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Each branch of the U.S. military continues to try and see how it can embrace Web 2.0

The Pentagon is now using Web 2.0 services such as Facebook and Twitter to help relay the military's message while also tracking down possible recruits online.

"They live in the virtual world," Lt. Gen Benjamin Freakley recently said during an interview with the Associated Press.  "You could friend your recruiter, and then he could talk to your friends."

At a time when some Americans don't believe mass media in the United States is portraying the correct message about the mission in Iraq, officials such as Gen Raymond Odierno, top U.S. commander in Iraq, have a Facebook page used to highlight things soldiers are doing in the Middle East.

The U.S. Air Force currently has an official Twitter account -- with more than 3,300 followers -- it uses to share information about activities of the Air Force.  An official Facebook Air Force page has also been created, used to help share experiences and information of Airman deployed overseas.

The Marine Corps has dabbled with Web 2.0 experimentation, although it mainly has been for recruiting only.  Both the Navy and Coast Guard are experimenting how to work in the Web 2.0 world, with even the Coast Guard commandant updating his Facebook status while he travels.

The Army, along with its online presence, even opened up a gaming center in the Franklin Mills Mall in Philadelphia to help attract new recruits.  The Army Experience Center is a 14,500-square-foot location that has PCs, game consoles, and a virtual simulation machine.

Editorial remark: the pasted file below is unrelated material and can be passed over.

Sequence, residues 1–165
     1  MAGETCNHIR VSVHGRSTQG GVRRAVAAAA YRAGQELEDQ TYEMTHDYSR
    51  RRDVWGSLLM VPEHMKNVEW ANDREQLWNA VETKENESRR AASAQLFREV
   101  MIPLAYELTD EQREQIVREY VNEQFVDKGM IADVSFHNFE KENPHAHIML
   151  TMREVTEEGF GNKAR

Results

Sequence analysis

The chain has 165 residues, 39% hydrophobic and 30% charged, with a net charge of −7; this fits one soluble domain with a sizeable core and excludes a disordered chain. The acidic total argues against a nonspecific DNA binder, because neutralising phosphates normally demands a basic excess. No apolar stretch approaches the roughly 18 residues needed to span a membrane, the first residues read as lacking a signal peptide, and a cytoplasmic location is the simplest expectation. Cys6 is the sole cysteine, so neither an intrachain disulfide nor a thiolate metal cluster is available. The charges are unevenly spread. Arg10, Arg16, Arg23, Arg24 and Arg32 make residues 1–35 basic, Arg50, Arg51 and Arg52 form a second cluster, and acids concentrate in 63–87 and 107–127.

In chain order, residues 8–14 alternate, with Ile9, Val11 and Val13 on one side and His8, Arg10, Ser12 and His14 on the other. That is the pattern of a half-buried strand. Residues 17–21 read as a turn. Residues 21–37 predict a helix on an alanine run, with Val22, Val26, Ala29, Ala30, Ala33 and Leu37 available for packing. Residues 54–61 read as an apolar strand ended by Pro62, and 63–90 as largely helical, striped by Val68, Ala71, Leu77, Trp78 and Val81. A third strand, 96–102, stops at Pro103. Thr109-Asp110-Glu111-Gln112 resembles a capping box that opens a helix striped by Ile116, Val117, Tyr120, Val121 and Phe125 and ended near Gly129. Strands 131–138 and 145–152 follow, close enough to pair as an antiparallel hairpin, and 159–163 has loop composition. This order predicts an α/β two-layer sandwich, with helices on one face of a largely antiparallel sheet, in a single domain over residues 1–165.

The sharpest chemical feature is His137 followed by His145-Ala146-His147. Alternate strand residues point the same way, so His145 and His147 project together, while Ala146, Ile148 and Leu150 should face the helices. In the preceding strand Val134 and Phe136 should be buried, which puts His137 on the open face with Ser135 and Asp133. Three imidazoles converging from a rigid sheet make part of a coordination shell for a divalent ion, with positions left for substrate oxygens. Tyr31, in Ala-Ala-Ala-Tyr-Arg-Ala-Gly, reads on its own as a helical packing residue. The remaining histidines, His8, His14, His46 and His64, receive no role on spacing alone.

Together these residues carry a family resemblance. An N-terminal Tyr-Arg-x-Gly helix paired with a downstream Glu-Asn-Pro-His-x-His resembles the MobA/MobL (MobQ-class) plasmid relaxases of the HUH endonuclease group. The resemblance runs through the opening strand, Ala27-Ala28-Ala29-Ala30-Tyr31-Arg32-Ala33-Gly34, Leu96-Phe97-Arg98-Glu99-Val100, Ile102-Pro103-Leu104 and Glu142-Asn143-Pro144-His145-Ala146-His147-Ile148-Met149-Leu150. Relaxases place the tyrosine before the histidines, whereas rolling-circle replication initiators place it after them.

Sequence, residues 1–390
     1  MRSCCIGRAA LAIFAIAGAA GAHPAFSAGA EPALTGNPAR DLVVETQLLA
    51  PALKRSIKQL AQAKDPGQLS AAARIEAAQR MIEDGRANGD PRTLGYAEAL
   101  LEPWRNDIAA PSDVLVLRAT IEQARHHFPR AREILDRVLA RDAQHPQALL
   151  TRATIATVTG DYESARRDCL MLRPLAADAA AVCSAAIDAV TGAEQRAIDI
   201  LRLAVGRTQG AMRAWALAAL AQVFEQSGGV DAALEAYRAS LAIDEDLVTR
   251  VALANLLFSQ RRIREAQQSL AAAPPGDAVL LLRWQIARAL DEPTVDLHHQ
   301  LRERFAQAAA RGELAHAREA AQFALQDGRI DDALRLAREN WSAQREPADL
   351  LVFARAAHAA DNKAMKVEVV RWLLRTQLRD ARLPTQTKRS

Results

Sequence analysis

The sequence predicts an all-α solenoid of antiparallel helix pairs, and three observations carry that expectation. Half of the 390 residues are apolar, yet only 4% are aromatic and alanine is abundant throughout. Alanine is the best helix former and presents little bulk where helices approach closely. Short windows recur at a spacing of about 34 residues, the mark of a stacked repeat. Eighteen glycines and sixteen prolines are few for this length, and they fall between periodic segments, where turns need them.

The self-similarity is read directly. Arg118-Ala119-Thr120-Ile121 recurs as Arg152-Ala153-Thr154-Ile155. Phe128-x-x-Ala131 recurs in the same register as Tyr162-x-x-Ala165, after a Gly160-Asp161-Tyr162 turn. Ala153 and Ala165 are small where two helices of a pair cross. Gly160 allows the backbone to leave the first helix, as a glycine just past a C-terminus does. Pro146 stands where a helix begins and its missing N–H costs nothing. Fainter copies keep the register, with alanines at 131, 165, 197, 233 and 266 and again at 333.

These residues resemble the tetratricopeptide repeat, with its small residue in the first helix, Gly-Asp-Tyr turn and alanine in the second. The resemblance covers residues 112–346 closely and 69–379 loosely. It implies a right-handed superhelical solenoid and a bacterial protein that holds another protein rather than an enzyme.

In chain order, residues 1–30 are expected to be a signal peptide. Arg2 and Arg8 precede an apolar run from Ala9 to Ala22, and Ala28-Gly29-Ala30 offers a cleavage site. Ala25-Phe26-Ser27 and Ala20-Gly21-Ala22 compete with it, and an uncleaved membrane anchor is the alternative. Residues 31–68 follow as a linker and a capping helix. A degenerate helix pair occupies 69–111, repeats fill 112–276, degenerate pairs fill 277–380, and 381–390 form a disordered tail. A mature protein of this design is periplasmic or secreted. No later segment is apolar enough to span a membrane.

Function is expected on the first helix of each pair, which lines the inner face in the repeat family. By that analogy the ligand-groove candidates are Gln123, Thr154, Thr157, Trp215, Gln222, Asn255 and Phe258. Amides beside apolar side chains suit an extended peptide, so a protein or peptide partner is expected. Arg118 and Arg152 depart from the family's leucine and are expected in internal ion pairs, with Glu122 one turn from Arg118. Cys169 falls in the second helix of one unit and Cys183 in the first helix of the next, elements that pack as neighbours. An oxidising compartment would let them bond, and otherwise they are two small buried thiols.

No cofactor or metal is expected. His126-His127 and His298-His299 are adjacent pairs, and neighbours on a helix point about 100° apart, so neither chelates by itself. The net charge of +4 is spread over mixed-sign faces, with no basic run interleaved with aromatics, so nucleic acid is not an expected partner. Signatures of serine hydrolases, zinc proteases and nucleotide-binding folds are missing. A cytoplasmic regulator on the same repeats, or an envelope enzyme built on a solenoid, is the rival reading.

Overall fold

As more possible recruits head online into the virtual world, expect each branch of the U.S. military to mimic their moves.  

Some companies and organizations have been wary to launch official Web 2.0 services, though allowing select executives and employees to handle work-related business online.  It's not uncommon to find both employees and executives from companies such as Microsoft, Google, Yahoo, and others sharing information online.



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Daily Grammar Technicalities
By jHub on 5/3/2009 7:23:12 PM , Rating: 2
In the penultimate sentence of this article, I think you meant that "Some companies and organizations have been [wary] to launch official Web 2.0 services," which would suggest that they are cautious or circumspect about web 2.0. That's what wary means -- prudent or careful, as in beware, awareness, etc.

The way it is currently worded would suggest that the companies and organizations had tried Web 2.0 services and grown tired of them. That's what weary means -- fatigued or exhausted, as in weary traveler or weary dogs, etc.

The former option is most certainly what you meant to write, as the latter (the way it's written in the article) only serves to contradict the point the article is making -- that the Pentagon is trying something new.

Did your editors go to the same technical schools you did? You should find ones that took more liberal arts classes.




RE: Daily Grammar Technicalities
By werepossum on 5/3/09, Rating: -1
RE: Daily Grammar Technicalities
By PrinceGaz on 5/3/2009 9:52:43 PM , Rating: 1
You're probably flogging a dead horse when suggesting the DT article publishers use correct spelling and/or grammar. In particular, the weary/wary error has occurred numerous times. It doesn't matter how you word your reply, they'll make the same mistake again the next time what they actually meant was "wary".

I must admit I'm growing increasingly wary of coming here from reading numerous reports on DT which are riddled with spelling or gramatical errors (often from being badly copy and pasted). And increasingly weary of them as well, as you need to work out what the article poster intended to say, when reading the messed up stuff some of them sent.


By PrinceGaz on 5/3/2009 9:55:22 PM , Rating: 2
Yes, I know there is a grammatical error in my first sentence there, upon re-reading it. But unlike the people who post articles on DT, I cannot correct those errors when I notice them a minute or two later.


"We are going to continue to work with them to make sure they understand the reality of the Internet.  A lot of these people don't have Ph.Ds, and they don't have a degree in computer science." -- RIM co-CEO Michael Lazaridis

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